Guanacaste Province, Costa Rica – Costa Rica is considered to possess the highest density of biodiversity of any country worldwide.
While encompassing just one third of a percent of Earth’s landmass, approximately the size of West Virginia, Costa Rica contains four percent of species estimated to exist on the planet. It is home to more than 500,000 species, making it one of the 20 countries with the highest biodiversity in the world. Of these 500,000 species, a little more than 300,000 are insects.
Hundreds of these species are endemic to Costa Rica, meaning they exist nowhere else on earth. These endemic species include frogs, snakes, lizards, finches, hummingbirds, gophers, mice, cichlids, and gobies among many more.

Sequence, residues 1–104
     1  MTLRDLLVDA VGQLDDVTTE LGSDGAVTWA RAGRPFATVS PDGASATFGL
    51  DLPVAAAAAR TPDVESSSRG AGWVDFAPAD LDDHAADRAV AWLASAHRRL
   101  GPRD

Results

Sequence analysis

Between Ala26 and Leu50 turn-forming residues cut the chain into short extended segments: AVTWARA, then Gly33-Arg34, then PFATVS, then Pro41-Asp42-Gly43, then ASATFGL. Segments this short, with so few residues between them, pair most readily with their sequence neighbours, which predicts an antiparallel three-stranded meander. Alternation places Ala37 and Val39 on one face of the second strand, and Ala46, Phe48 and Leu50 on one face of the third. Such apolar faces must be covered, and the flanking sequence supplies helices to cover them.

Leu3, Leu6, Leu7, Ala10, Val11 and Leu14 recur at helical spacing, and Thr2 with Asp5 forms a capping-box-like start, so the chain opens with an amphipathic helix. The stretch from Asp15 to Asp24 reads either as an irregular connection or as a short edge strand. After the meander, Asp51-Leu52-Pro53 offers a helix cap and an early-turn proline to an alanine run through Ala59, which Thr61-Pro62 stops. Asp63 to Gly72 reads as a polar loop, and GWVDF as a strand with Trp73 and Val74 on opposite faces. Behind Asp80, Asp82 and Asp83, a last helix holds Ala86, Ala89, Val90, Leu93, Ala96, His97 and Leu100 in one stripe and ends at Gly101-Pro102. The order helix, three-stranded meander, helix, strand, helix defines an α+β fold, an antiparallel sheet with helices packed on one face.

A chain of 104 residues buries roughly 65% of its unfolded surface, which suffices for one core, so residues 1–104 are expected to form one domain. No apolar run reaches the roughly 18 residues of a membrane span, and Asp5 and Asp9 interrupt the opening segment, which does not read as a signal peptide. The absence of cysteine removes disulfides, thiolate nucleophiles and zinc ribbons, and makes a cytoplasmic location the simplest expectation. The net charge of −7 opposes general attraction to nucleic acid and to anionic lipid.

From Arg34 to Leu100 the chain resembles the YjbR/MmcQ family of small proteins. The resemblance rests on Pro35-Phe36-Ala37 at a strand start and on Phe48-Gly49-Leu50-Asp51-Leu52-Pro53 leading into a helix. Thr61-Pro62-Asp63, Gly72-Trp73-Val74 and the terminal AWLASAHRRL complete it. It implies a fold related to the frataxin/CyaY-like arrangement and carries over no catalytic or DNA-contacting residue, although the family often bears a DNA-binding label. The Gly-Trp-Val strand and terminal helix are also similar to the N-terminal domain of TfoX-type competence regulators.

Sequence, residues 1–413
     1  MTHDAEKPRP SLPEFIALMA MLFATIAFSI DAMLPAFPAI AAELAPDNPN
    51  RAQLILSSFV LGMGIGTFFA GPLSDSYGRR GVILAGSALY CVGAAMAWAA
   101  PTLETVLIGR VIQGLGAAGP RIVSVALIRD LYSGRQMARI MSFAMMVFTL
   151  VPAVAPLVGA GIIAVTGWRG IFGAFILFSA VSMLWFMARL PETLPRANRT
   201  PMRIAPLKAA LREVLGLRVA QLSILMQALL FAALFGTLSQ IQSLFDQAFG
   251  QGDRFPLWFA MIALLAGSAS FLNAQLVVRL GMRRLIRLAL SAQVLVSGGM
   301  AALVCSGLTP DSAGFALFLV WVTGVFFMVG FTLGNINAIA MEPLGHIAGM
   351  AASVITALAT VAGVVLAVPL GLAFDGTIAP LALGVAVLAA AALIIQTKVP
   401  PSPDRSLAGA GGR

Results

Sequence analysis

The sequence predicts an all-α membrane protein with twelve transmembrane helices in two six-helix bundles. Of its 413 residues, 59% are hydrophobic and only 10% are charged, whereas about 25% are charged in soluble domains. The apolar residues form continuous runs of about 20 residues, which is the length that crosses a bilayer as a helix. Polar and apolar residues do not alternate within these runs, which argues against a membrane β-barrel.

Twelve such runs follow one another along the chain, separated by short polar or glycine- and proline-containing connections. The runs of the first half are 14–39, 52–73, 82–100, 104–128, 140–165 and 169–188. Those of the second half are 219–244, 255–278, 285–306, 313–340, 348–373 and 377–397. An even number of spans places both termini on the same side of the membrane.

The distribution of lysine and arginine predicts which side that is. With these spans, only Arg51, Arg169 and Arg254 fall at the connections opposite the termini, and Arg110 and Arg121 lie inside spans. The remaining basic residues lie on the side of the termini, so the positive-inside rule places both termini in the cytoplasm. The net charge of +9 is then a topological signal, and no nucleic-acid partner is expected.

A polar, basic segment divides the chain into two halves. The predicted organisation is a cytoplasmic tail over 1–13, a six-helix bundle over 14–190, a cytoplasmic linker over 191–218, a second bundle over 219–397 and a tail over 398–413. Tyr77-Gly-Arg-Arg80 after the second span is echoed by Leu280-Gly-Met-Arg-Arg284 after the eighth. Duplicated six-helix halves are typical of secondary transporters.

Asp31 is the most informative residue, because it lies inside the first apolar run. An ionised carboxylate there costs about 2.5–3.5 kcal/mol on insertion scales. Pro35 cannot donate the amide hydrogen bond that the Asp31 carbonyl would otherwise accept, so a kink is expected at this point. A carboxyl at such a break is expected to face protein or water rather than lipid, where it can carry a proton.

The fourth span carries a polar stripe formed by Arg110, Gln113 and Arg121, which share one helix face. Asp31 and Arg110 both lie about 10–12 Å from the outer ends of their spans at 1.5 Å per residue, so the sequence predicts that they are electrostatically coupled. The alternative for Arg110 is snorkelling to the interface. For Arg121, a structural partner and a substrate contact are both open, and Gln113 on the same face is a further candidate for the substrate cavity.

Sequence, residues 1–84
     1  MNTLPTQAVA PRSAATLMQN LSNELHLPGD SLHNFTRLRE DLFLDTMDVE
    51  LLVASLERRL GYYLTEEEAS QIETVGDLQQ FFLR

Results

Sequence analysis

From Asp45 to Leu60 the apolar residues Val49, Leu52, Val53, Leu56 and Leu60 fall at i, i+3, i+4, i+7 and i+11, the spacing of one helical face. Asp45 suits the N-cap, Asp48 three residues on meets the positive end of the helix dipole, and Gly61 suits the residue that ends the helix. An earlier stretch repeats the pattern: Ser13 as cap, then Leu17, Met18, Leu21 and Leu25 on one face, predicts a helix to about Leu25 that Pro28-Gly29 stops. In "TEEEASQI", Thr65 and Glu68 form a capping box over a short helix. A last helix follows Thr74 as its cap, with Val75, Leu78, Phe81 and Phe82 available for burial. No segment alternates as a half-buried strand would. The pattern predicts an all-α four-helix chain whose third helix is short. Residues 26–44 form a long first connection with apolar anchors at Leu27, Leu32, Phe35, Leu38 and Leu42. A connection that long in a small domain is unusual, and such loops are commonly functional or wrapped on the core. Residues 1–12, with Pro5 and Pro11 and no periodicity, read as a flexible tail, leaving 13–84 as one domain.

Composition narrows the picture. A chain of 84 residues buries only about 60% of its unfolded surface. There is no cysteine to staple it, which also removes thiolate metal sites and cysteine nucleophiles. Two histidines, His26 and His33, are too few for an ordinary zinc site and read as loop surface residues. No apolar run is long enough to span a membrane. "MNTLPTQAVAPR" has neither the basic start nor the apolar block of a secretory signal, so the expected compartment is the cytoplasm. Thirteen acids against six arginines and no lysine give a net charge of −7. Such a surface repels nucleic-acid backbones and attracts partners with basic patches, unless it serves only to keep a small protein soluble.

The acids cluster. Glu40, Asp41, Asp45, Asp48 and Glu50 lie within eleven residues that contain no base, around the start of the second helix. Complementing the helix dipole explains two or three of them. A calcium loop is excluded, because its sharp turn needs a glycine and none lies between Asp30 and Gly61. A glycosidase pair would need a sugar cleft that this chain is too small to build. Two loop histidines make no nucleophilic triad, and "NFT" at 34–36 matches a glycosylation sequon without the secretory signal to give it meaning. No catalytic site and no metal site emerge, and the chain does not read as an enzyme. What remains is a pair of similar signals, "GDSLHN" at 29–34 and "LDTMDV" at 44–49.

Costa Rica supports an enormous variety of wildlife, due in large part to its geographic position between the North and South American continents, its neotropical climate, and its wide variety of habitats.
One of the principal sources of biodiversity is that the country, together with the land now considered Panama, formed a bridge connecting the North and South American continents approximately three to five million years ago. This bridge allowed the very different flora and fauna of the two continents to mix.
One species found in Costa Rica is the mantled howler monkey. Howling allows the monkeys to locate each other without expending energy on moving or risking physical confrontation. Infant howler monkeys are carried under their mother, clinging to its mother’s chest for the first 2 or 3 weeks of its life. After that, it is carried on its mother’s back. At about 3 months the mother will usually start to push the infant off, but will still carry the infant some of the time until it is 4 or 5 months old. After the young can move on its own, the mother will carry it across difficult gaps in the trees.